A. Worry starts with a motivation, an interest, something you care about. So you could say it starts with love. When you’re interested in something, you are giving it value. That interest itself is a kind and loving gesture.
B. As soon as you develop such a motivation or interest, you start projecting a desired future outcome. This outcome is also infused with your love, and that love in turn is expressed in the way you give value to that outcome.
Getting from Point A (your motivation) to Point B (your desired future outcome) requires action. Whether or not you reach that outcome is determined by what kind of action you take. Unfortunately, merely having a worthy motivation and a worthy goal doesn’t guarantee that you’ll make correct, worthy choices of action.
Maybe you’ve heard the phrase, “The road to hell is paved with good intentions.” When you worry, your actions are fearful, repetitive imaginings. Again and again you project mental images of your desired goals not working out. Worry generates and radiates disturbing, fear-inducing energy. And for as long as your thinking is clouded by fear, you continue to make poor choices.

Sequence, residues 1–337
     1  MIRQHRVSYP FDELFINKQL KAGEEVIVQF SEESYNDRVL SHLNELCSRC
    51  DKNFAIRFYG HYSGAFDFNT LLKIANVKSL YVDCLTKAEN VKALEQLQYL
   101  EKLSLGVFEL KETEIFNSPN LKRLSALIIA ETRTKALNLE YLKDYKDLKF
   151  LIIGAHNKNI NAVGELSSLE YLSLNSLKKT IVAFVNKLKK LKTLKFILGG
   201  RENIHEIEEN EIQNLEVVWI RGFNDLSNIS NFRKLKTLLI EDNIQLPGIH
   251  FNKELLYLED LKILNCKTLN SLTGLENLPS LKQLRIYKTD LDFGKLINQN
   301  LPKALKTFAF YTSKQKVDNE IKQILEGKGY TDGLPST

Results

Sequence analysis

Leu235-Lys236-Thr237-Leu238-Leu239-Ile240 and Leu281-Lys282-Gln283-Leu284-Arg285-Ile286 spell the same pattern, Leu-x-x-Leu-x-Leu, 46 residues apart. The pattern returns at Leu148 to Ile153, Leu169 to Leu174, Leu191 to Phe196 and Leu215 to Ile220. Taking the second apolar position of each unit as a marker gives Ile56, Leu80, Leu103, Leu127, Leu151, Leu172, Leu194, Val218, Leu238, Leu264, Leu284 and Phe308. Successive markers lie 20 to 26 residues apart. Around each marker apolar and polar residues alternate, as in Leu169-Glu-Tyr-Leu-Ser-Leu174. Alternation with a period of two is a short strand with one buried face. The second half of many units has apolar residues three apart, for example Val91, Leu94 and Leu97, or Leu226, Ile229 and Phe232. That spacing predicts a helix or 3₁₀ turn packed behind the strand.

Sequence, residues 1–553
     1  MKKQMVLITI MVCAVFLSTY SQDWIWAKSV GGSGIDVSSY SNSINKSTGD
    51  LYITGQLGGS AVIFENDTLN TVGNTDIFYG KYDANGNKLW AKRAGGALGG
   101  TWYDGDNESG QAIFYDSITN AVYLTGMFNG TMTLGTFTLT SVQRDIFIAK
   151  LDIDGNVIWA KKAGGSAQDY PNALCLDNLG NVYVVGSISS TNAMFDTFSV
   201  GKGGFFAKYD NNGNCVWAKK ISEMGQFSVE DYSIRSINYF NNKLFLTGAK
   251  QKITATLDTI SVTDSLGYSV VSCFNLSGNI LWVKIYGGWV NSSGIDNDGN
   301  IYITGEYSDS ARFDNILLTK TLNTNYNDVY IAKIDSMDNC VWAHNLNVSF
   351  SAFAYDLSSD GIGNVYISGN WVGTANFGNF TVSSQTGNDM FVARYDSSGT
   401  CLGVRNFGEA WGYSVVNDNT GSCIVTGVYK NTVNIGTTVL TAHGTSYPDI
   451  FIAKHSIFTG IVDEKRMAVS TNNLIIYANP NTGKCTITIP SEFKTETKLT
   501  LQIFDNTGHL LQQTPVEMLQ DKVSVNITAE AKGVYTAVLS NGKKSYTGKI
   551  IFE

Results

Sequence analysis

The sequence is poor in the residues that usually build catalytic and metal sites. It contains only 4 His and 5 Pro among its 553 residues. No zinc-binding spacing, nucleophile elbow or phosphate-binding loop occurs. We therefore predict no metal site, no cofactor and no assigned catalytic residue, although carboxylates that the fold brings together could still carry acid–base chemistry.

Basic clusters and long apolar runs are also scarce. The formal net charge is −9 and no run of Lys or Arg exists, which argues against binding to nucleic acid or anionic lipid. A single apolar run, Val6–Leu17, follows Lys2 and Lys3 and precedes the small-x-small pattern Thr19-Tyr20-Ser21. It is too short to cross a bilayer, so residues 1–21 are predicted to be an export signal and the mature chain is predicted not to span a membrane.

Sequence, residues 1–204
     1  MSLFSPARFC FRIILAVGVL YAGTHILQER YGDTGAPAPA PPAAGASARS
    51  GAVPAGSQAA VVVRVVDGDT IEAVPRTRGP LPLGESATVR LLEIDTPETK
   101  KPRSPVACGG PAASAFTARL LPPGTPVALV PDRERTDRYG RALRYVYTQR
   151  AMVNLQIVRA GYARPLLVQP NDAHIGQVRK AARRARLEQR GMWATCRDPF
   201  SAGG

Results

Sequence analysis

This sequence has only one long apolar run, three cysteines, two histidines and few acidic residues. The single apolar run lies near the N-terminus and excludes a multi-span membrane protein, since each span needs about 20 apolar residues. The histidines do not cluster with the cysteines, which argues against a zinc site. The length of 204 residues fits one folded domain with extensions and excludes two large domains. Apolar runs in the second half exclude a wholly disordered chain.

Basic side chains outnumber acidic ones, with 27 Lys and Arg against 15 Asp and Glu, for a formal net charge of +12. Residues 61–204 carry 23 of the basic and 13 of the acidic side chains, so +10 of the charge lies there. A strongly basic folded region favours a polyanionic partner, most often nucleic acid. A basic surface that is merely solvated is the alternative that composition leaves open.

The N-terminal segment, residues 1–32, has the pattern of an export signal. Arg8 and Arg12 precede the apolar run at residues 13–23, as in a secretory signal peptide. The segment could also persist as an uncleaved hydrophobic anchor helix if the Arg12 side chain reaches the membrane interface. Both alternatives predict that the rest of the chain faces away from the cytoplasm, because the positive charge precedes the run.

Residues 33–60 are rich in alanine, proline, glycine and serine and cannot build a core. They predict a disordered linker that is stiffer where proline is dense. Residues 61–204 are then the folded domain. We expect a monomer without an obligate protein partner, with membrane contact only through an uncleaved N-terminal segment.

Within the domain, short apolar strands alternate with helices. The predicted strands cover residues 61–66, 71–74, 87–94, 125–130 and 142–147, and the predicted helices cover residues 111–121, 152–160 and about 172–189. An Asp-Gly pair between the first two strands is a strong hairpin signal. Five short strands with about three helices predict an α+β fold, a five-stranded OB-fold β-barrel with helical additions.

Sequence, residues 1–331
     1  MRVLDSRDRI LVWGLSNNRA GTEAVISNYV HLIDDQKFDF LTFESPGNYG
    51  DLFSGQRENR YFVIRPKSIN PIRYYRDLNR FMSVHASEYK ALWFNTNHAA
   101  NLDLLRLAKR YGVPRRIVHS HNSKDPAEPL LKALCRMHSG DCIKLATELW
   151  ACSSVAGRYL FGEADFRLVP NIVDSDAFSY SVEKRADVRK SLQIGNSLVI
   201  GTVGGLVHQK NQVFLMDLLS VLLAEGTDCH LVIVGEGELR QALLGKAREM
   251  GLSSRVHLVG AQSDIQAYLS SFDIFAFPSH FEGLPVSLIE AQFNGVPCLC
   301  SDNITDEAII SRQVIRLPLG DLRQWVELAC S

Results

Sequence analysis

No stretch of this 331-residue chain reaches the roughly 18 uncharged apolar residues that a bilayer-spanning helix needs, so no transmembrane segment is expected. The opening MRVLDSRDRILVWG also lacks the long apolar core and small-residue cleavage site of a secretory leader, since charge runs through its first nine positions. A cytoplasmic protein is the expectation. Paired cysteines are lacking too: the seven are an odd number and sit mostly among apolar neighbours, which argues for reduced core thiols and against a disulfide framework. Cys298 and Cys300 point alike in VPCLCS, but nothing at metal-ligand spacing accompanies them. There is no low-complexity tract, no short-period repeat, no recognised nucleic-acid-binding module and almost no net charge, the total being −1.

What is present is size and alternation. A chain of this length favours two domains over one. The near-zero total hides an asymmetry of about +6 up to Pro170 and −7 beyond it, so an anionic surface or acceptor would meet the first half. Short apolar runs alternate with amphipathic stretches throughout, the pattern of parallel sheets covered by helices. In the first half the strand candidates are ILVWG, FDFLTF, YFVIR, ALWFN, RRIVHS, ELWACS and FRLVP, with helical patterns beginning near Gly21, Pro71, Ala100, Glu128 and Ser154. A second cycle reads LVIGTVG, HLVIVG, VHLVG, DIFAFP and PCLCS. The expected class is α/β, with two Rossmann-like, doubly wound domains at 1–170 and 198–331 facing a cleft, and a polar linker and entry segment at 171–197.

C. But consider this: Prayer has the same structure as worry, with one very important difference. In the prayer scenario, Point A (your motivation) and Point B (your desired outcome) are the same, but wait! Point C is very different. When you pray –– no belief in a god required –– you are engaged in repetitive, loving thinking. Loving thinking generates and radiates encouraging energy. So in a state of prayer, you just naturally make better choices. Why? Because your mind is clear and your heart is open. In this state, solutions of a much higher quality spontaneously begin to enter your awareness.
Worry Is Negative Prayer
What does all this mean? Worry is negative prayer. Now that you see this clearly, try this: put your hands out in front of you, palms up. Imagine filling one of your hands with worries and filling the other hand with prayers. Reflect on the consequences of each activity. Which would you rather give your energy to? Worry or prayer? So far everyone I know who has tried this has said, “Prayer!”
Worry is negative prayer that produces negative outcomes. As you shift from a state of worry and choose to pray instead, you are entering a resourceful, prayerful state that instantly increases your chances for a beneficial outcome. Once you recognize the better choice, it’s easy to practice making the switch.
One last thing –– the shift from worry to prayer is not a one shot deal. The habit of worrying won’t disappear overnight; it will probably keep coming into your mind for a while. But that habit’s not a problem anymore because now you understand its nature. And now you recognize that you have a better choice. In fact, you can now begin using the appearance of worry as a reminder. When the “worry bell” rings, it’s your reminder to pray about whatever is the focus of that worry. Again, no belief in god is required, only a willingness to pray. And by substituting worry with prayer, you’re inviting better outcomes.